How to Understand Imputed Income in a Child Support Case
There are many cases where a person’s gross income does not reflect their professional capacities due to marital or family circumstances.
When a couple is divorcing and has children, many factors determine the custody arrangement, how parenting time will be divided, and how much child support will be required from the non-custodial parent. So how is income calculated to determine child support payments? In some cases, the New Jersey Superior Court: Family Part looks at each parent’s income to determine child support payments, but there are situations in which the determination of child support is not so cut and dried. Read on to learn more.
How is income determined?
Determining income is a straightforward process, right? It’s as simple as looking at a person’s income tax filings? Unfortunately, it’s not that simple to determine what a parent’s income is. The New Jersey Superior Court considers many factors when determining income, including business expenses that have greatly decreased the person’s income, non-monetary assets and other in-kind goods and services, and capacities for employment that have not been utilized due to the marriage or other reasons.
New Jersey business owners most often have non-monetary assets that can be included in their gross income. Additionally, their net profits are considered income for purposes of determining child support payments; only the business’s ordinary expenses are left out of the calculation of gross income, and those expenses must be directly related to the functioning of the business. Because there are many cases in which a person uses their business account to cover personal expenses such as car payments, etc., the Superior Court is hypervigilant in determining that all business expenses withdrawn from the person’s gross income are directly related to the running of the business. If the other spouse’s attorney finds a discrepancy in what is claimed to be a business expense, the Court will confirm and return the expense to its rightful place as part of the business owner’s gross income.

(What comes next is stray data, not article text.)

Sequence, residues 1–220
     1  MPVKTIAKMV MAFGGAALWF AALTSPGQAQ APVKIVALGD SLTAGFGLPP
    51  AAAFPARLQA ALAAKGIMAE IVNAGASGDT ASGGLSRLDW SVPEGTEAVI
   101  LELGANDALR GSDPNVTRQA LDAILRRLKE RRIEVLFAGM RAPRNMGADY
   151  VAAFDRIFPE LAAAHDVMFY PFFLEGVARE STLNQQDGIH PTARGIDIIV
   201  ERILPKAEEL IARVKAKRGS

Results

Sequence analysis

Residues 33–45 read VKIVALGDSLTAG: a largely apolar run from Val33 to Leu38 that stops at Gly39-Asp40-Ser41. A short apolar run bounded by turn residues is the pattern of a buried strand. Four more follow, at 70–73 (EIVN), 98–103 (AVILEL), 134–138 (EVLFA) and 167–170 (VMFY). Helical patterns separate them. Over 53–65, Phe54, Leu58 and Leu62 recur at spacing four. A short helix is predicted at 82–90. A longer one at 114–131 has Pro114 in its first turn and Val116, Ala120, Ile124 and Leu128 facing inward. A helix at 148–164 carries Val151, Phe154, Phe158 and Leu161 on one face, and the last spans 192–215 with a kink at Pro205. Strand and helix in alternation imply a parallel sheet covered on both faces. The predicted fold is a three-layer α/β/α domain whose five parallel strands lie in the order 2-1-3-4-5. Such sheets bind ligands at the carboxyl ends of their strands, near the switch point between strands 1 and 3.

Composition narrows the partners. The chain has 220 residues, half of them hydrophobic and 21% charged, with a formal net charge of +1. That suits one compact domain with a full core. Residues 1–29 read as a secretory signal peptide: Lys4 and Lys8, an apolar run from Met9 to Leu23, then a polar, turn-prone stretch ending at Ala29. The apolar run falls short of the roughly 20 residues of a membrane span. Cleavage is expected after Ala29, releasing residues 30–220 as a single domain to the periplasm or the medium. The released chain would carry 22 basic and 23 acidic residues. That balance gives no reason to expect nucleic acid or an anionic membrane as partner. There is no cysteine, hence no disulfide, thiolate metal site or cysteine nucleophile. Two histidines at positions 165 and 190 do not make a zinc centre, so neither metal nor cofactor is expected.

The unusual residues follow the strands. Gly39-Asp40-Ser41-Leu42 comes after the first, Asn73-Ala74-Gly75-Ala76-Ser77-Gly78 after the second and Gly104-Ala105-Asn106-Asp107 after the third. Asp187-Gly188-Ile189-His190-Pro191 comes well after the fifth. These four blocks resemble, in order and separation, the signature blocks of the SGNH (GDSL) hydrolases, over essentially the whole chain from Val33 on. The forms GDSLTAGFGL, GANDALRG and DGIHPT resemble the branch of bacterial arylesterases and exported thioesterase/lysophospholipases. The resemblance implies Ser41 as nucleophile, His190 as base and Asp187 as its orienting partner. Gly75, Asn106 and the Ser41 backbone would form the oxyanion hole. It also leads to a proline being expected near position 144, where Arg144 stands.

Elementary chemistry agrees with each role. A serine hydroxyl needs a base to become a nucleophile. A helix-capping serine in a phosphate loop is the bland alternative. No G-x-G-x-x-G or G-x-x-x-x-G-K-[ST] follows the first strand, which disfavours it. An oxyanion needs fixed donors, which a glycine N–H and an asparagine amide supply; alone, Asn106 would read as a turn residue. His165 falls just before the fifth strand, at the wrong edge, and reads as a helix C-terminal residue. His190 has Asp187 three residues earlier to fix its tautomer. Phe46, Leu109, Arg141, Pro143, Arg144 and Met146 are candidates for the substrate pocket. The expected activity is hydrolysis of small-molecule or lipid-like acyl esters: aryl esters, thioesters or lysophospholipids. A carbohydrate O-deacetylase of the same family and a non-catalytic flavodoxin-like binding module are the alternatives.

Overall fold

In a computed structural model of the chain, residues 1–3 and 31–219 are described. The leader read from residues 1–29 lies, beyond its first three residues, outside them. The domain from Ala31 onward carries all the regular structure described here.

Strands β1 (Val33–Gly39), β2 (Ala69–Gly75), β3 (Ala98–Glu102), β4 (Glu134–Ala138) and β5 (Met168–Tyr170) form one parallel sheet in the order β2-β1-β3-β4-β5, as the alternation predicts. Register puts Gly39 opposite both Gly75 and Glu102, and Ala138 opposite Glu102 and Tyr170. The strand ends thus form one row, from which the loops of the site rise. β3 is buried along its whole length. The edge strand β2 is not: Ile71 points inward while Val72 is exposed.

For those who are in traditional employee situations, their gross income is calculated as the amount of money earned before state and federal taxes are withdrawn. In the case of all New Jersey residents for whom the Superior Court is considering child support payments, their financial investments can be considered as an element of their gross income that will augment the amount of child support payments they are required to pay.
This Superior Court’s consideration of a partner’s status of employment – whether they are unemployed or underemployed due to marital or other circumstances – is the source of the Court determining whether they need to impute a spouse’s income in determining how much the person will be required to pay in monthly child support payments.
What is imputed income, and how does it affect child support payments?
There are many cases where a person’s gross income does not reflect their professional capacities due to marital or family circumstances. For example, a professional teacher who decides to become a stay-at-home parent does not have the income afforded to New Jersey teachers at their level of training, though they may be quite employable. In these cases, the Court may determine the person’s income if they were working and require that the person pay child support payments in alignment with that income. This is called imputing income.
The Court and other legal experts will review the person’s training, experience, education, and professional qualifications. They will review where the person lives and look at the going rate for professionals in that area with their level of qualifications. Because some people voluntarily choose to be unemployed or underemployed to lessen the financial responsibility to make child support payments, New Jersey Courts counter this by imputing income. This is the case both for people who avoid paying child support by becoming voluntarily underemployed or unemployed and people who lessen their professional impact to receive more in child support payments. In both of these cases, the New Jersey Superior Court: Family Part system is poised to conduct an audit of personal and professional income and expenses to ensure that the child receives the full extent of child support payments that they have the right to.
If you are divorcing and in the midst of a child support determination, you must have the support of a family law attorney.
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